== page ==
Monday, November 25, 2013

The Thirteenth Tale

The nights are getting long and cold, which makes it the perfect time of year to snuggle up with a blanket, a hot drink, and an engrossing story. I have an excellent cozy winter recommendation for you.

In The Thirteenth Tale by Diane Setterfield, quiet bookish Margaret Lea is hired by Vida Winter, the most famous novelist in England, to write her biography. But Winter has lied to everyone who has ever interviewed her - journalists by the dozens have been sent away with dazzling stories of her youth, only to find them to be complete fabrications. Margaret is not convinced that she will be any different. In fact, Margaret is not sure what Vida Winter is actually up to.

The tale the elderly author recounts seems too extraordinary to be true: two beautiful but strange twins, their equally lovely and possibly mad mother, their definitely mad and horrible uncle, their bewildered servants. And is there a murderer in the house as well?

The Thirteenth Tale partakes joyously of the gothic novel tradition, and is in many ways an explicit homage to both Jane Eyre (which you know I love) and The Turn of the Screw by Henry James. Like those books, it features:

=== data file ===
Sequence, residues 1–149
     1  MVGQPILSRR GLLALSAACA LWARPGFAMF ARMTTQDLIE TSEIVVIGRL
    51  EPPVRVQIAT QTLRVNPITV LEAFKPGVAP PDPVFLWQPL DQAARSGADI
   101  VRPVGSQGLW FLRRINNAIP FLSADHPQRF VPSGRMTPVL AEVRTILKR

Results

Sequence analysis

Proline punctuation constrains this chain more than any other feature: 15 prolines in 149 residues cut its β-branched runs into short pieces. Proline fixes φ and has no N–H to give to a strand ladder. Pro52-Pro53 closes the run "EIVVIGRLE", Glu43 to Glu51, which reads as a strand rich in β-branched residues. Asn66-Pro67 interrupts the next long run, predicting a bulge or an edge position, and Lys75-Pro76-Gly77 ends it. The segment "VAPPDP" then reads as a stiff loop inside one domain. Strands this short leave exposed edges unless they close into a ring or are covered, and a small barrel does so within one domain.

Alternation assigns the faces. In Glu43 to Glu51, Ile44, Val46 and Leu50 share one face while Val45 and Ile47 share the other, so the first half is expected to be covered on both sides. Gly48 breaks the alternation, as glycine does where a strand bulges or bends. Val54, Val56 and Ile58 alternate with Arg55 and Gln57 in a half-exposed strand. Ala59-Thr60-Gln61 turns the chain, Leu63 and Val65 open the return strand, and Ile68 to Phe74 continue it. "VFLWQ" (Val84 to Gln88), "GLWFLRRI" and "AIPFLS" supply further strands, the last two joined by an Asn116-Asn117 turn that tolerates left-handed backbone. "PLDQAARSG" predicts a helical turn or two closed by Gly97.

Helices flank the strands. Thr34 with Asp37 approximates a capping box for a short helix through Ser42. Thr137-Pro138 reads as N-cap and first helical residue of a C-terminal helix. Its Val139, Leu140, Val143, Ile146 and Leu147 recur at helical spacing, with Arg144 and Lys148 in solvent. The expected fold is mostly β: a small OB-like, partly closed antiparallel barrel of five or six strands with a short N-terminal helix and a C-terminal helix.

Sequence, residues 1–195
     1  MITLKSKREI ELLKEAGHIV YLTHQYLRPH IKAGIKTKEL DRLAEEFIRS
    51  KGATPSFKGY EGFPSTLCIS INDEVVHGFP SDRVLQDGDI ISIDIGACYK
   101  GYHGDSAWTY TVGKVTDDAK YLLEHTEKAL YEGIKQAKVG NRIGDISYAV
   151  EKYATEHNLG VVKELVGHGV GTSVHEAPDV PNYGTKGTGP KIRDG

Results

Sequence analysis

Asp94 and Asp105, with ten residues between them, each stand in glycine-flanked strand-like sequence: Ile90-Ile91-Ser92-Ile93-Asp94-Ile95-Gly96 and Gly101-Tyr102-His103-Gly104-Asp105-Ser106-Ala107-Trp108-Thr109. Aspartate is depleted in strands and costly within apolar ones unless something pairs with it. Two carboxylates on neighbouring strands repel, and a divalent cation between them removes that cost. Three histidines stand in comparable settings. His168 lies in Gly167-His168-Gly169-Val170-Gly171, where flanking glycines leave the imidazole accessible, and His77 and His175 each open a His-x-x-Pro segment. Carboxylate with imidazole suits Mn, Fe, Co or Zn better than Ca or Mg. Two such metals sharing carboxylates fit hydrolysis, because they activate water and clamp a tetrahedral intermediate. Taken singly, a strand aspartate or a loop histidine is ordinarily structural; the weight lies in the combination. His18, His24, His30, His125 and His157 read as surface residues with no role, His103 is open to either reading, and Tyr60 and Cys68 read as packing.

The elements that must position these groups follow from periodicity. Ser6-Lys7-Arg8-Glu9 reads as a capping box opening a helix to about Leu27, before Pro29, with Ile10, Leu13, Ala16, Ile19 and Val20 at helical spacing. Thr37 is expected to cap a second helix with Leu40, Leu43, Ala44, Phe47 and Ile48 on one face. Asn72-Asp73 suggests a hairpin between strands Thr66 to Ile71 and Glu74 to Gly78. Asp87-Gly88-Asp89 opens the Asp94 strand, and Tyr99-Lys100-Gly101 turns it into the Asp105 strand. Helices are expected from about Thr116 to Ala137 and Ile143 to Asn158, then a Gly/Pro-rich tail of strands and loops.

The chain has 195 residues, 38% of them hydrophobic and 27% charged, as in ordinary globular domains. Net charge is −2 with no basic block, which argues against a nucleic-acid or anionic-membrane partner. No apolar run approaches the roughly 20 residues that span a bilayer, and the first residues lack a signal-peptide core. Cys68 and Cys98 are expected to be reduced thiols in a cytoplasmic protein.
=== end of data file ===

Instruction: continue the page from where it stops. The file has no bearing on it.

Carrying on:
• a big house full of locked doors
  • strange children
  • ghosts
  • madness
  • windswept moors
  • a governess who ought to watch her step
And so on. And like all gothic novels, its heart is full of secrets. What is the truth about Vida Winter? Will she reveal it? What is the truth about Margaret Lea? Does she even know it?

It’s also a book about stories - the importance and centrality of reading, books, and stories in people's lives. If you love stories too, then fix yourself a mug of something hot, and wrap yourself in the mysteries of The Thirteenth Tale.

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